The IRB will at least annually evaluate the practices and procedures designed for the protection of the rights of human subjects.
In cooperative research projects (those projects normally supported through grants, contracts, or similar arrangements, which involve institutions in addition to UT Arlington), each Institution is responsible for safeguarding the rights and welfare of human subjects and for complying with the DHHS Regulations on Protection of Human Subjects (45 CFR Part 46, as amended). When research is conducted at or in cooperation with another entity, the investigator must obtain either approval from the UT Arlington IRB, or written acknowledgement from the UT Arlington IRB of its acceptance of a collaborating institution's IRB approval for the project. If the cooperating institution does not have an IRB, a letter of acceptance of UT Arlington's IRB review and approval for the research to be conducted must be submitted by the CEO/signatory official of the cooperating institution. In instances where UT Arlington's IRB acknowledges approval of a cooperating institution's IRB approval in accordance with the Cooperative Research section of the Code of Federal Regulations, Basic Health and Human Services Policy for Protection of Human Research Subjects 45 CFR 46.114, the protocol of the IRB of record must have a Principal Investigator that is employed by the cooperating institution. Whenever UT Arlington relies upon an IRB operated by another institution or organization for review of research covered by its Federalwide Assurance (FWA), UT Arlington will ensure that this arrangement is documented by a written agreement between the institution and the other organization or institution operating the IRB. This agreement must be kept on file at both institutions/organizations and made available to DHHS or any U.S. federal department or agency conducting or supporting research covered by the FWA upon request.
The IRB and Institution will take action to mitigate or eliminate financial conflicts of interest that have the potential to affect the rights and welfare of human subjects in research as described in the Department of Health and Human Services Grants Policy regarding Financial Conflict of Interest.
Human Subject Research: any activity that either: (1) meets the Department of Health and Human Services (DHHS) definition of "Research" and involves "Human Subjects" as defined by the DHHS; or (2) meets the Food and Drug Administration (FDA) definition of "Research" and involves "Human Subjects" as defined by the FDA.
DHHS Definition of Human Subject Research: Research is defined by DHHS as a systematic investigation, including research development, testing, and evaluation, designed to develop or contribute to generalizable knowledge. A Human Subject is defined by DHHS as a living individual about whom an investigator (whether professional or student) conducting research obtains (1) data through intervention or interaction with the individual, or (2) identifiable private information.
Intervention is defined by DHHS as both physical procedures by which data are gathered (for example, venipuncture) and manipulations of the subject or the subject's environment that are performed for research purposes.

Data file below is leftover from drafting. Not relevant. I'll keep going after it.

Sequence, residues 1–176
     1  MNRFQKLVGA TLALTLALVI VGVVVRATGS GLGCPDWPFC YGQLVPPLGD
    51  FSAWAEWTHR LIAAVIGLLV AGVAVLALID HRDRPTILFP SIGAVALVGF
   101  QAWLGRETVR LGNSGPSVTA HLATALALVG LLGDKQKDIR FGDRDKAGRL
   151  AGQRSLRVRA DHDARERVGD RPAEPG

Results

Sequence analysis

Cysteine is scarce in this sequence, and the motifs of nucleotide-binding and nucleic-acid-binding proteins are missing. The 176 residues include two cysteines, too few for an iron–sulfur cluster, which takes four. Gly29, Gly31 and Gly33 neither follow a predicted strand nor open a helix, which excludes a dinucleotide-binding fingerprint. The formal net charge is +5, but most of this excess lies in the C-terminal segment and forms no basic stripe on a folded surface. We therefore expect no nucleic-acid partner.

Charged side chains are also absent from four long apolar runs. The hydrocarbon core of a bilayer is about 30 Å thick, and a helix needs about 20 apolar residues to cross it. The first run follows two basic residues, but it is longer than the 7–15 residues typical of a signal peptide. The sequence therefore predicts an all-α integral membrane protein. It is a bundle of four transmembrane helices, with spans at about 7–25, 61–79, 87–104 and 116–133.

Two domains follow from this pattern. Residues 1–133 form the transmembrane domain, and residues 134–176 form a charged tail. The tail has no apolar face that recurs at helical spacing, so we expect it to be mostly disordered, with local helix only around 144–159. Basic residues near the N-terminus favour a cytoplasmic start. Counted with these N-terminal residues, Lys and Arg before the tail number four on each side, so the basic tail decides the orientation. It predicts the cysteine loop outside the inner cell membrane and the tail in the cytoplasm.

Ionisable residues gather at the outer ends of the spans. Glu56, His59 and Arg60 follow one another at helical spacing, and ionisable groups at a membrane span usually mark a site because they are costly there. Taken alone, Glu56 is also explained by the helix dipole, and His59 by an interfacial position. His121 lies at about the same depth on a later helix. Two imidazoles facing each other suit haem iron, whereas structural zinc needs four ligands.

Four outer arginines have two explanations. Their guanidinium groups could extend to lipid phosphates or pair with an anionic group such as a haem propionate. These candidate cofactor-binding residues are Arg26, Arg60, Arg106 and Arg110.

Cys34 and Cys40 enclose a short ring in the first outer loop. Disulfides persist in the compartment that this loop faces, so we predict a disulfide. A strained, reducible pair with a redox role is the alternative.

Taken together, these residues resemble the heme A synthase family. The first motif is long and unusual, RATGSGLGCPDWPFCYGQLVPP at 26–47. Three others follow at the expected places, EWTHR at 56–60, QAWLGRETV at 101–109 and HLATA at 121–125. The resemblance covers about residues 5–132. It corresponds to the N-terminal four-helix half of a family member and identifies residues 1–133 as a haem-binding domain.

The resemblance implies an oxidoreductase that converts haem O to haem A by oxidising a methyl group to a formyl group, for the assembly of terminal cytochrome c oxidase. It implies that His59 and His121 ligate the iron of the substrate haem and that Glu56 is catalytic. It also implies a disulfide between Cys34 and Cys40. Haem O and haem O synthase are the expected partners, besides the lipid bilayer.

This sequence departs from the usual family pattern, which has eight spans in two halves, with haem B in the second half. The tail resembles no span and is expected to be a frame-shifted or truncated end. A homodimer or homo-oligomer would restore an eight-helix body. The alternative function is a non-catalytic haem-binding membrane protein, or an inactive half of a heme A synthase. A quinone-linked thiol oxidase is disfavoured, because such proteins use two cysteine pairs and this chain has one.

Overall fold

Interaction is defined by DHHS as communication or interpersonal contact between investigator and subject.
Identifiable Private Information is defined by DHHS as information about behavior that occurs in a context in which an individual can reasonably expect that no observation or recording is taking place, and information which has been provided for specific purposes by an individual and which the individual can reasonably expect will not be made public (for example, a medical record). Private information must be individually identifiable (i.e., the identity of the subject is or may readily be ascertained by the investigator or associated with the information) in order for obtaining the information to constitute research involving human subjects.
FDA Definition of Human Subject Research: Research is defined by FDA to include all clinical investigations of a test article regulated by the Federal Food, Drug, and Cosmetic Act under sections 505 ["New Drugs" - any use of a drug other than the use of an approved drug in the course of medical practice] and 520 ["Devices Intended for Human Use" - any activity that evaluates the safety or effectiveness of a device], as well as clinical investigations that support applications for research or marketing permits for products regulated by the FDA, including foods, dietary supplements that bear a nutrient content claim or a health claim, infant formulas, food and color additives, drugs for human use, medical devices for human use, biological products for human use, and electronic products. A Human Subject is defined by FDA as an individual who is or becomes a participant in research, either as a recipient of the test article or as a control. A subject may be either a healthy individual or a patient. A human subject according to the FDA includes an individual on whose specimen a medical device is used.
Medical Device is defined by FDA as an instrument, apparatus, implement, machine, contrivance, implant, in vitro reagent, or other similar or related article, including any component, part, or accessory, which is (a) recognized in the official National Formulary, or the United States Pharmacopeia, or any supplement to them; (b) intended for use in the diagnosis of disease or other conditions, or in the cure, mitigation, treatment, or prevention of disease, in man or other animals; or (c) intended to affect the structure or any function of the body of man or other animals, and does not achieve its primary intended purposes through chemical action within or on the human body or in animals and is not dependent upon being metabolized for the achievement of its primary intended purposes.
The University of Texas at Arlington will comply with federal, state, and local rules and regulations pertaining to human research:
This policy impacts all UT Arlington employees and students engaging in research.
The Vice President for Research is the Institutional Official for the human research protection program at The University of Texas at Arlington. The Institutional Official is responsible for ensuring compliance with federal and state regulations pertaining to human research, and is responsible for the delegation of authority for the establishment and enforcement of relevant University policies and procedures.
March 23, 2012